The PCIe (peripheral-component-interconnect express) protocol is highly desirable for communication across backplanes in embedded and other system types. However, for an embedded-system environment in which backplane connector pins are often at a premium, PCIe’s preferred clock-distribution scheme—using a star configuration of point-to-point connections—is less than ideal. You can distribute a PCIe-compatible clock using a single multidrop signal and still meet the tight jitter requirements of the PCIe Generation 2 specification.
Clocking in PCIe
PCIe Base Specifications 1.1 and 2.0 define three clock-distribution models for the 2.5- and 5-Gbps signaling rates (figure 1, figure 2, and figure 3). The common-clock architecture is the common method for a variety of reasons. First, most of the commercially available chips supporting PCIe interfaces use only this architecture. Second, this architecture is the only one that directly supports spread-spectrum clocking, which can be important in reducing EMI (electromagnetic-interference) peaking and, hence, simplifies the task of meeting electromagnetic emissions limits for the system (Figure 4). Finally, this architecture is the simplest to conceptualize and design.
The most significant disadvantage of the common-clock architecture is the need to distribute the reference clock to each PCIe endpoint in the system. The clock’s 100- or 125-MHz frequency and the PCIe protocol’s tight jitter requirements further complicate this task. For 2.5-Gbps operation, the limit is 86-psec p-p phase jitter for a sample set of 106 samples. The 5-Gbps operational limit is 3.1-psec-rms jitter. However, to operate at 5 Gbps, a transceiver first negotiates at 2.5 Gbps and then moves up to the higher rate if both ends can do so. That is, if the system supports any 5-Gbps links, then the reference clock must meet both jitter specifications.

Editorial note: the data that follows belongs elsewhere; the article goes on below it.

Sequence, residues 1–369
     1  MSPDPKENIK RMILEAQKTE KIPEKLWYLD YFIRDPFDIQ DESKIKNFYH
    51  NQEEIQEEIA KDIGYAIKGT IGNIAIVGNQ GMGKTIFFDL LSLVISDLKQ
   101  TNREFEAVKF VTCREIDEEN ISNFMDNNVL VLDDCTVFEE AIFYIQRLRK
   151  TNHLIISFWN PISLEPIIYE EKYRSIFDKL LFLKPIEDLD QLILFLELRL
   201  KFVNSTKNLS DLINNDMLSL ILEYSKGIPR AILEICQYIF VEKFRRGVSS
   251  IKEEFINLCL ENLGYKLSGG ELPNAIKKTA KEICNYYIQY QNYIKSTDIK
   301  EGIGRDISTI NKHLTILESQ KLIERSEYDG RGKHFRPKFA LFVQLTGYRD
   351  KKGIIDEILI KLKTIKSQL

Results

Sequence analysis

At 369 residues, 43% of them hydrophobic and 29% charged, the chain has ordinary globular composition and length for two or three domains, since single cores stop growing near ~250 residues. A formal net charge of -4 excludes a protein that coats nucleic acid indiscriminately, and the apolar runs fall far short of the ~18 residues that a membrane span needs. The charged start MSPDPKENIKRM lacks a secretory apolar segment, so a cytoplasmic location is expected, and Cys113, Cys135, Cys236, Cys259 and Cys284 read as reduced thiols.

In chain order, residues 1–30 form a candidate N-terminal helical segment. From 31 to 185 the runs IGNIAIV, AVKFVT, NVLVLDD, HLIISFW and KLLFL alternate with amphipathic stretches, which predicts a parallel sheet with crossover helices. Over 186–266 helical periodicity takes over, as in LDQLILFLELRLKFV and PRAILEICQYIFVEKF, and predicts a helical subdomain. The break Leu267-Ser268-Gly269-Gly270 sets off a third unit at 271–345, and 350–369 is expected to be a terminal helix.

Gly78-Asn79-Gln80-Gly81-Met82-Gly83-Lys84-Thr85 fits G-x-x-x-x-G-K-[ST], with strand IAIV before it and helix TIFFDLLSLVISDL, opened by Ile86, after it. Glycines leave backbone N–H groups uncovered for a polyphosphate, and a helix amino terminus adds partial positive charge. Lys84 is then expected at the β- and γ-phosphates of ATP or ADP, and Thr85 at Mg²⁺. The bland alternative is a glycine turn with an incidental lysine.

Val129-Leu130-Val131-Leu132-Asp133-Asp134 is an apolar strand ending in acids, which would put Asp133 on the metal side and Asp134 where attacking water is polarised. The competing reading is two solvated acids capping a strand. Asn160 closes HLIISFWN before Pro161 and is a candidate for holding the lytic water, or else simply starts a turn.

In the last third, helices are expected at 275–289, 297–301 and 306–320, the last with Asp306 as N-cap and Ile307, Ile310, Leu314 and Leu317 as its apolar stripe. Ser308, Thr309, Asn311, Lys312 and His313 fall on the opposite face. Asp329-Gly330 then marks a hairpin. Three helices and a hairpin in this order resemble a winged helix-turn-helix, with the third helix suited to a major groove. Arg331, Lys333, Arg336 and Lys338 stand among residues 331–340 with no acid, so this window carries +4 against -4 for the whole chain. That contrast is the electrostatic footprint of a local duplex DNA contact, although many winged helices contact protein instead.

The separate- and data-clock architectures avoid these limitations but substantially increase the complexity of the clock-system design and don’t support spread-spectrum clocking without the use of sideband signaling. The governing specifications for reference-clock jitter are PCIe Base Specifications 1.1 and 2.0, and PCIe Jitter-Modeling Revision 1.0D and PCIe Jitter and BER (bit-error-rate) Revision 1.0 detail the method for verifying jitter compliance. The electromechanical specifications provide mechanical-form-factor information, electrical-signal definition, and functional definitions. Some of these specifications, such as Card-Electromechanical Specifications 1.1 and 2.0, also provide jitter budgeting among the reference clock, transmitting PLL (phase-locked loop), receiving PLL, and media. Strictly speaking, the Card-Electromechanical Specification applies only to PC-, server ATX- (advanced-technology-extended), and ATX-based form factors. Industry groups have published additional electromechanical specifications to cover other form factors, such as Mini-Card-Electromechanical Specification 1.2 for mobile-computing platforms.